Tennis: Age no barrier as Haas makes up for lost time

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German Tommy Haas celebrates with the trophy after he won the ATP tennis BMW Open final match against German Philipp Kohlschreiber in Munich, southern Germany, on May 5, 2013. Haas won the match 6-3 and 7-6. AFP /CHRISTOF STACHE

MUNICH, Germany – Tommy Haas may be 35 but his weekend Munich title has moved him up to 13 in the rankings— a five-year high – with the eloquent German showing few signs of slowing down.

Haas captured his 14th tour title in Munich, but had it not been for a series of crippling injuries, the former world number two could have had many more.

And he knows it.

“Perhaps I can go on now and win another title this year,” said Haas, whose next assignment is this week’s Madrid Masters.

Haas beat defending champion Philipp Kohlschreiber 6-3, 7-6 (7/3) in Sunday’s all-German final, becoming the first 35-year-old to win a title since Fabrice Santoro in Newport five years ago.

It was his 10th appearance in the Bavarian capital, and his victory on Sunday came 13 years after he lost the 2000 final on his debut.

In the years between, Haas has suffered a succession of hip, shoulder and elbow injuries, missing all of the 2003 season and most of the 2010 campaign.

In 2004, his ranking even plummeted to 1,086.

But last year, Haas was named ATP Comeback Player of the Year before finishing the season as the oldest player in the top 50.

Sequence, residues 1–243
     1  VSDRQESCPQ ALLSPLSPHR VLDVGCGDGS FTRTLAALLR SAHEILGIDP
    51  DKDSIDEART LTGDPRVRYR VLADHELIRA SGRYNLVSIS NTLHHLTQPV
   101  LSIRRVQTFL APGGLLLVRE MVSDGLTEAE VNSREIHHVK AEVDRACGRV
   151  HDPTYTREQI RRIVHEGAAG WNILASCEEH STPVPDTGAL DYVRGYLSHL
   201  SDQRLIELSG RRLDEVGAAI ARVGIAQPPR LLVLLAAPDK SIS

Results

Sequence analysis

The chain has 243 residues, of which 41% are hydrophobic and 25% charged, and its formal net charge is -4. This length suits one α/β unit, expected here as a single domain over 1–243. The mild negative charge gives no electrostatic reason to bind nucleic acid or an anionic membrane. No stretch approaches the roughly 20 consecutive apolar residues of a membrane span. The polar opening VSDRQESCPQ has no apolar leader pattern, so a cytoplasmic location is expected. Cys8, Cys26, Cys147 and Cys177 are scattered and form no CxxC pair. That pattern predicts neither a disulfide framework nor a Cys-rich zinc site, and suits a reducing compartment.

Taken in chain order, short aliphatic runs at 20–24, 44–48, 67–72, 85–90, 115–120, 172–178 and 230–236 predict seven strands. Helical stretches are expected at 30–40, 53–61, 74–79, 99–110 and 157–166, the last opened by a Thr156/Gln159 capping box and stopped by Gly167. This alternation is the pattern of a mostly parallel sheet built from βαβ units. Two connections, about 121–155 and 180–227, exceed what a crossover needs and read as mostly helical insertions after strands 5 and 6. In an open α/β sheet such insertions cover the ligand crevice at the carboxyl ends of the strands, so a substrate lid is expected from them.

“It’s a sensational feeling to be quite honest,” said Haas as he reflected on Sunday’s win.

“It was another one of those milestones that I hoped for, to maybe win this title one year.

“To have done that, this late in my career, is a big highlight for me. Every time you win a title, it’s a reflection of putting everything together the whole week.

“It doesn’t happen that often. You’re really proud of those moments.”

Victory in Munich gave Haas, who also has American citizenship, an 18-7 match record this year having reached the San Jose final in February when he lost to Canada’s Milas Raonic.

He then claimed a famous scalp in Miami in March when he beat world number one Novak Djokovic on his way to the semi-finals.

The third-seed in Munich, Haas served for the match at 5-4 in the second set, but Kohlschreiber dug deep to break back, before Haas started strongly in the tie-break and clinched victory on his second match point.

“I knew it was going to be tough,” said Haas, as Kohlschreiber had won the 2007 and 2012 Munich titles.

“He was looking for his third crown and it was maybe my last opportunity to win the title here, so I gave myself a little bit of extra pressure.

“When I was serving for the match, he played aggressive, came up with some good shots, and was rewarded for it.

“Then I told myself to get into the tie-break and play it as well as you can, because I didn’t want to play a third set against him, having served for the match.”

This was the fourth ATP title Haas has won on German soil having twice won the Halle tournament, beating Djokovic in the 2009 final, then Roger Federer in last year’s title match, having also won the 2001 Stuttgart crown.

Kohlschreiber admitted Haas deserved his win.

“You have to acknowledge his performance,” said Kohlschreiber, six years Haas’ junior.

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  • tra6Gpeche

    Some people are amazing. Just like Tommy Haas, they can forget how old they are! I envy this guy!

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